Strategic thinking is a skill that writers really need to develop. Without it, it’s really easy to get distracted when you are writing. I’m a big believer that writers should concentrate on one or two things at a time to maximize their productivity. I’ve also mentioned before how easy it is to get distracted by competitions, or other opportunities. You should set targets for writing at the start of the year (like I did) and keep to them.
It is easy to get distracted from these targets though. I know, because, despite me knowing all of this, last week I got distracted, and went against all my own advice.
I didn’t stick to the plan
The BBC writer’s room announced a new comedy window, and I started fishing about for something that I could submit to it. I spoke to an old writer buddy and we both thought a collaborative piece would be a good idea to submit. However, when we went back to it, it hadn’t aged well (we first created a draft in 2011). It was clear that it needed a lot of work to get it up to scratch – and would need a full rewrite.
What I should have done at that point was realize that the rewrite was too much work, and the fast approaching deadline would make it nearly impossible to finish in time. I didn’t. Instead, I spent time working on it, sorting out the formatting and trying to convert it to a Scrivener document from the PDF. It took up several hours of my time, time that would have been better spent working on the second draft of my new novel.
How to start thinking strategically
If, like me, you have a number of different projects spread around a number of different genres and project types, you need to learn to develop a long term view. Try looking at my post about setting targets, and then use these goals to inform every decision you make. If you want a book deal with a romantic fiction publisher, will finishing the historical epic poem about the Spanish Civil War help you achieve that? Probably not. Cross it off for now. If you want to submit something to a screenwriting competition, the short story on Stalin is not something you should be focusing on for the next few months.
By putting something to the side for now, you are not necessarily putting it away for ever. I’m going to come back to that comedy script, but only once I’ve achieved my goals for this year. You shouldn’t feel that you are confining all other projects to the bin, never to return. That’s what’s a good filing system is for. What you are doing is making sure that what you work on in the near future really helps you achieve what you want to achieve.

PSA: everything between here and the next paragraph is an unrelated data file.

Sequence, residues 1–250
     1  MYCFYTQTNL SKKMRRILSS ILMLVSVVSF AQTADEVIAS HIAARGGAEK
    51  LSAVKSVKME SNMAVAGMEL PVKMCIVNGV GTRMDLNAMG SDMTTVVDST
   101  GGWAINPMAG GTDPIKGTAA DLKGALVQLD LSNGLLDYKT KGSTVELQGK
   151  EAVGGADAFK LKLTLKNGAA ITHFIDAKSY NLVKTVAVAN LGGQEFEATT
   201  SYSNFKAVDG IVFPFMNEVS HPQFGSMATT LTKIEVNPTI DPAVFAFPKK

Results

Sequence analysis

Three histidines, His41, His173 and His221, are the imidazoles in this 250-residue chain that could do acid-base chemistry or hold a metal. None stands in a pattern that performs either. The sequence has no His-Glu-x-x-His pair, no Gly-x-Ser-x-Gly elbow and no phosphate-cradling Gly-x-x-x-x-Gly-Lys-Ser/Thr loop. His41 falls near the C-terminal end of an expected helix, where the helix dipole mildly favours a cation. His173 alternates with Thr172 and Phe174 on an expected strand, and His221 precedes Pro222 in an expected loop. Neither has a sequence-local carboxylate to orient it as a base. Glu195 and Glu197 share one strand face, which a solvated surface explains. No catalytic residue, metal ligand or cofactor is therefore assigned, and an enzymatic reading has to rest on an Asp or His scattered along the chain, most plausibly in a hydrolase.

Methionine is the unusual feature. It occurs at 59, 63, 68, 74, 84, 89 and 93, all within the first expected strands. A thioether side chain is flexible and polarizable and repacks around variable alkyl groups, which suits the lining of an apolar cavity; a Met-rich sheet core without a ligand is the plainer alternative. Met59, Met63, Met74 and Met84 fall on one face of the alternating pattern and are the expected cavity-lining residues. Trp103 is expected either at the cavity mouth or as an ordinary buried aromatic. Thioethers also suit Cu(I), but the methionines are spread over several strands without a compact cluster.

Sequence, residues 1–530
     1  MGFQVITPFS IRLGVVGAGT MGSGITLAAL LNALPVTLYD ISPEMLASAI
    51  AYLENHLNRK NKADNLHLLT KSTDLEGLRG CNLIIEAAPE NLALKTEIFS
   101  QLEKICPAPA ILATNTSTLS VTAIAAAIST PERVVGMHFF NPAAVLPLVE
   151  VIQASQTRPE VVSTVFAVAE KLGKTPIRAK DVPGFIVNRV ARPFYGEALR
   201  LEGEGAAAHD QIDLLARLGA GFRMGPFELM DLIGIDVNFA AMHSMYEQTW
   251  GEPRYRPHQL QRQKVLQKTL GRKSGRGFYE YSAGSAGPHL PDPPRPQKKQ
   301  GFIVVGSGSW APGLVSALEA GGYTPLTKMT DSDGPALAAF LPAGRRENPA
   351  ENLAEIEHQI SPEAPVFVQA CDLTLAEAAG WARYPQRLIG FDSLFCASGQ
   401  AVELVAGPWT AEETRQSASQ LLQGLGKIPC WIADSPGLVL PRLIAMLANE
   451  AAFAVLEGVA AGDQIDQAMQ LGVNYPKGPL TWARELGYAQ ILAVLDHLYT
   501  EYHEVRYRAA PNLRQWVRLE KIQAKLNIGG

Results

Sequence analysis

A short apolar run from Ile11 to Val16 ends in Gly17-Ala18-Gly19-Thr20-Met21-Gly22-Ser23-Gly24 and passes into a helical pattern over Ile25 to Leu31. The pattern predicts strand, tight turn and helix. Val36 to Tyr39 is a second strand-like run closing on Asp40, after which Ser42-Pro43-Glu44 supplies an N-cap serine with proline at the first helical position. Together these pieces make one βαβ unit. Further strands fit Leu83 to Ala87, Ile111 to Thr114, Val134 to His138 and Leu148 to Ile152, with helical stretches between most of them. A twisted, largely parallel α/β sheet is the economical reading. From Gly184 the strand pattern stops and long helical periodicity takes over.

A lot of writers (and I you can see from the example above that I’m one of them) bounce from idea to idea without really thinking about how each project will help them in the long run. So by taking a step back and thinking about things in the whole you’re going to be able to line up you goals with what you are writing on.
The benefits of strategic thinking
If you can fight past the urge to stray and work on something new every five minutes, you’ll find that your writing will improve. I’ve found that when I’m concentrating on one project, ideas seem to come to me a lot easier. I can get around story problems and character issues with a lot more confidence.
There’s a benefit to immersing yourself in one story completely. You’ll notice areas of development that you’d not thought about before. In the back of your mind you can think about how to overcome plot holes and areas where you are stuck. By not diving off to worry about other competitions or goals you’ll free up a huge amount of space in your brain, and without even knowing it you’ll be using it all to create something that you know is the most important thing that you could be working on at that moment.
And with a more confident, involved world comes the productivity behind it. After a while, you’ll be running to the keyboard to keep writing. You’ll be blocking out all external influence and, with that, you’ll be able to increase the numbers you’ve got down on the page. You’ll become more productive – all because of your new strategic view.
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